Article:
of opium (worth £2 million) following a blockade of the merchant’s quarter. He then had the
opium destroyed in May 1839. The British merchants demanded compensation for their seized goods, which, Superintendent Charles Elliot assured them, would be provided by the British government. But that government was unwilling to compensate
the merchants for the seized opium, believing that the responsibility should lie with the
Chinese. There was a fierce, prolonged public debate on the matter. A young William Gladstone
said, “…a war more unjust in its origin, a war more calculated in its progress to cover
this country with permanent disgrace, I do not know.” But profitable interests won out
over moral outrage at the “infamous and atrocious traffic”, and parliament voted in April 1840
to send a fleet to China carrying Britain’s demands: Compensation for the confiscated
opium, an end to the Cohong monopoly, and the right to occupy an island off the coast
to use as a base. By June, the expeditionary force had arrived
on the Chinese coast. It blockaded the Pearl River before heading north to bring the demands
to the Emperor. On July 6th, the British captured the island of Zhoushan near the
mouth of the Yangtze, virtually annihilating Chinese defences in a nine-minute barrage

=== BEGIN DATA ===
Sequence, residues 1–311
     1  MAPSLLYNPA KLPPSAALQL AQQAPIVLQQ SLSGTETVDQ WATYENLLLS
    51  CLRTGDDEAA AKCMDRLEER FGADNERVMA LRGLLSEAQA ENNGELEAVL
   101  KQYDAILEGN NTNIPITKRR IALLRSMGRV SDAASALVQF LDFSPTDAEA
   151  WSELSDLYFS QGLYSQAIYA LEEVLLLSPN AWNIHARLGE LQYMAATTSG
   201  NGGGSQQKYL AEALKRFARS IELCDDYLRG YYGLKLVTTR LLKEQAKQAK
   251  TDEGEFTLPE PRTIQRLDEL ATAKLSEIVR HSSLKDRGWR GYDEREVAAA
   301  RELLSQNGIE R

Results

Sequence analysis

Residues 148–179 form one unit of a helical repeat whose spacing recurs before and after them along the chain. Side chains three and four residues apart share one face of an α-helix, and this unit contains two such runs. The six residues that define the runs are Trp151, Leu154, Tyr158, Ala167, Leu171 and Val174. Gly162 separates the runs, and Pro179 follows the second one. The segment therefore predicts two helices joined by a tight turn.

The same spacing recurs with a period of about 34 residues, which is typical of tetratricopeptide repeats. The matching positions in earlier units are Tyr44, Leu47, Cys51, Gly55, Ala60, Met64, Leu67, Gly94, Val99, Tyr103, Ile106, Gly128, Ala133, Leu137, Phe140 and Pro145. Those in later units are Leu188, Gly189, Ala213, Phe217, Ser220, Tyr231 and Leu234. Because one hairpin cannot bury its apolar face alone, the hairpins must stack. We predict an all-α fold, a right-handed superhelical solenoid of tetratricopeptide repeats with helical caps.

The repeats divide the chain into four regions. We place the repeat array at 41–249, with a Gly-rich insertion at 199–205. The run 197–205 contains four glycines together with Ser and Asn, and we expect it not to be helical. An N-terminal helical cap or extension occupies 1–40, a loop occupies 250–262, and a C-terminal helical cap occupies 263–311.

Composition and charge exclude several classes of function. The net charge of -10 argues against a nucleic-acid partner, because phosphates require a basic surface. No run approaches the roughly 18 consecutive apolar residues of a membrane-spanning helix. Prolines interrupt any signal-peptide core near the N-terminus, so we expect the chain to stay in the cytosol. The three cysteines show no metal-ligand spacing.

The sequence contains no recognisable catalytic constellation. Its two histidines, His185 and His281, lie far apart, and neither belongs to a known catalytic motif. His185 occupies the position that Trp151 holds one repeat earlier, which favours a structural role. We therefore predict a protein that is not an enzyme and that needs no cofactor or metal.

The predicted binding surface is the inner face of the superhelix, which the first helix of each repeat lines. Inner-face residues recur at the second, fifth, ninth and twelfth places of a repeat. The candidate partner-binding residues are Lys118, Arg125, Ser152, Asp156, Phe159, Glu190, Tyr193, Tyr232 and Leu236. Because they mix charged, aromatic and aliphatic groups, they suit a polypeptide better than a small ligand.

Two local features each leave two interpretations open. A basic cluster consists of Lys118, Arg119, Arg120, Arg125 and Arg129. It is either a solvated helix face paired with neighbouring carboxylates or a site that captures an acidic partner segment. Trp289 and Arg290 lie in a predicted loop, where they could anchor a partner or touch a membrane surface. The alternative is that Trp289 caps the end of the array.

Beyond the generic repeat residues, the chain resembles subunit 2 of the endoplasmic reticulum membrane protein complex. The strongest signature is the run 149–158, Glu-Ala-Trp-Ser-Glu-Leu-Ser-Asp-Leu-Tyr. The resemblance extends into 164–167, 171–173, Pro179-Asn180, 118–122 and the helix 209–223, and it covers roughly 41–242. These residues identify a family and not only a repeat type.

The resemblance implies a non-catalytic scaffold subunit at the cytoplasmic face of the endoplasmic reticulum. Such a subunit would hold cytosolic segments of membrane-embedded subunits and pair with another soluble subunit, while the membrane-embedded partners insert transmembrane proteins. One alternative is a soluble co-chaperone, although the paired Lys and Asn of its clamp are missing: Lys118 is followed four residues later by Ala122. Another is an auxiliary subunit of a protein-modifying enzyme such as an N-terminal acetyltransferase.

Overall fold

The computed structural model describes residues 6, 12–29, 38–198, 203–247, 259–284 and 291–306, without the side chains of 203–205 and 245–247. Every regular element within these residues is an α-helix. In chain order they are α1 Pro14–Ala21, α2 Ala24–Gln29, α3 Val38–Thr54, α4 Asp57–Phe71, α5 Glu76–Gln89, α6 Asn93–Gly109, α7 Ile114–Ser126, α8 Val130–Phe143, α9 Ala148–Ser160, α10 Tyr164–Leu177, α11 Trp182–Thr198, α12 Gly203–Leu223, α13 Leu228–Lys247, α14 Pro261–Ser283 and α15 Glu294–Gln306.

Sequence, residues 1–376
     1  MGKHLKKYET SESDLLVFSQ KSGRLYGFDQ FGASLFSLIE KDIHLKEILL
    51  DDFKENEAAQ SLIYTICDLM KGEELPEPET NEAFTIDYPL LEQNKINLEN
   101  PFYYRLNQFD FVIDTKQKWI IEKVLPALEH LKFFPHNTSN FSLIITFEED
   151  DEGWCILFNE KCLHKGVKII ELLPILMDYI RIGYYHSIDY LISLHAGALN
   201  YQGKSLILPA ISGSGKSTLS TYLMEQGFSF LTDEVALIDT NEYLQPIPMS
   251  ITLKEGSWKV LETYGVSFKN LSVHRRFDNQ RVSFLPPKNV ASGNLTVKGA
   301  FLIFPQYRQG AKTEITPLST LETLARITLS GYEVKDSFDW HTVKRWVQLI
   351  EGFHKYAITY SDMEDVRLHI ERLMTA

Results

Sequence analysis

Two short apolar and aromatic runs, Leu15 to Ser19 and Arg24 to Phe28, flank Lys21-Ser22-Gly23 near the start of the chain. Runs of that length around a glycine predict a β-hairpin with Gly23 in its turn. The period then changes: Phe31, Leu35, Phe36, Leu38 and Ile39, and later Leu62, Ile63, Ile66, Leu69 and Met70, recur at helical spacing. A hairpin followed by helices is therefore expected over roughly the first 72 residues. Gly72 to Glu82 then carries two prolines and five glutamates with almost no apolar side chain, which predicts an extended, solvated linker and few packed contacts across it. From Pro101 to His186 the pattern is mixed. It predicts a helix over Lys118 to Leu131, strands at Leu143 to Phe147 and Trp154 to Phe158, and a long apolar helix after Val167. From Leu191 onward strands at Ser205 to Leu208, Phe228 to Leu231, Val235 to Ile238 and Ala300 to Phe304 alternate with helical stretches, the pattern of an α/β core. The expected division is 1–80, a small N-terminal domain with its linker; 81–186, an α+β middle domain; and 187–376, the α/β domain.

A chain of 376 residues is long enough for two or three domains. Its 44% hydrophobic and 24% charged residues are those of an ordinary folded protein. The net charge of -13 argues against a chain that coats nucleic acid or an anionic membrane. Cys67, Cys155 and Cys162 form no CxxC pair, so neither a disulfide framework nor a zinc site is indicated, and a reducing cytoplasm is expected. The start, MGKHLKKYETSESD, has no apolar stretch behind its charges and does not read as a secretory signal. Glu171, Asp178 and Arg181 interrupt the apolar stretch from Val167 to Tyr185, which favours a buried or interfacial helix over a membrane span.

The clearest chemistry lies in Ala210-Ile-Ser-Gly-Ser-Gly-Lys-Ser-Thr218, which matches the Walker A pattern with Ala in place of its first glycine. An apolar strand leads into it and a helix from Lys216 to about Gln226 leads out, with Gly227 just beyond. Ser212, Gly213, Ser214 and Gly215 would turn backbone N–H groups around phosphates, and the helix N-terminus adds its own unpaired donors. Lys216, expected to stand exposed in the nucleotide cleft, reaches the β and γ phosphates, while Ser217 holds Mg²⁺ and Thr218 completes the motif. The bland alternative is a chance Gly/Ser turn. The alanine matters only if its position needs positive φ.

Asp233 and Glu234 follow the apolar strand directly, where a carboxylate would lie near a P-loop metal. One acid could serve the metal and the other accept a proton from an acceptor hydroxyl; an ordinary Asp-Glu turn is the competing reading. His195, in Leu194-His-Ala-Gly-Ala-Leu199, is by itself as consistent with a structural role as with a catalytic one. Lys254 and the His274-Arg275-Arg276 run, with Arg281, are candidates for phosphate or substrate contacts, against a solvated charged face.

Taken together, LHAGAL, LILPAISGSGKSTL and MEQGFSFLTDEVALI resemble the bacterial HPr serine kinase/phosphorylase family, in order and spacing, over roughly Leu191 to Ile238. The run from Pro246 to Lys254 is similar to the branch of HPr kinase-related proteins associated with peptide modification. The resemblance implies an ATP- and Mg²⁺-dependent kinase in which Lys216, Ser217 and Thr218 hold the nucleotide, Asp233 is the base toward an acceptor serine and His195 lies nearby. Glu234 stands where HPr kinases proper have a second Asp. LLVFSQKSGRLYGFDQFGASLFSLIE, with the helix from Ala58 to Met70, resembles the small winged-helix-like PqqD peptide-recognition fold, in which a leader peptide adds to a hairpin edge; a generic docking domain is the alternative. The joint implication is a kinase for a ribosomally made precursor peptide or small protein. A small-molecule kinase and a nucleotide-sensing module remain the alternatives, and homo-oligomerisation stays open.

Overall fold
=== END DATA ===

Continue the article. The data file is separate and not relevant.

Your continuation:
after local officials refused to surrender. They headed further north in August, blockading
more ports. In battle after battle, the dire state of
the Chinese military had become clear: Soldiers were equipped with bows, spears, and swords,
and the occasional matchlock musket. Military units, scattered across a vast empire, would
take many months to march to where they were needed. Chinese coastal defences were crumbling
stone forts, and the small war junks simply weren’t equipped to fight the battleships
and frigates of the Royal Navy. Also, local authorities and military leaders were unwilling
to bear news of defeats to Beijing, and the Emperor instead received fabricated reports
of heroic victories. Seeing the whole business with Britain as a mere sideshow, many refused
to acknowledge that there was a war on at all. Indeed, when the British fleet first
arrived, Daoguang was informed that it was simply an unusually large flotilla of opium
smugglers. The British attacked two forts guarding the
mouth of the Pearl River, Chuanbi and Tycocktow. Fighting lasted less than an hour, with over
500 killed on the Chinese side and a mere 38 wounded among the British. The battle of
Chuanbi also marked the debut of the first steam-powered iron warship Nemesis, whose
devastating onslaught was described in a book from 1845: “The very first rocket fired from the Nemesis was seen to enter the large junk against which
it was directed, near that of the admiral, and almost the instant afterwards it blew
up with a terrific explosion, launching into eternity every soul on board, and pouring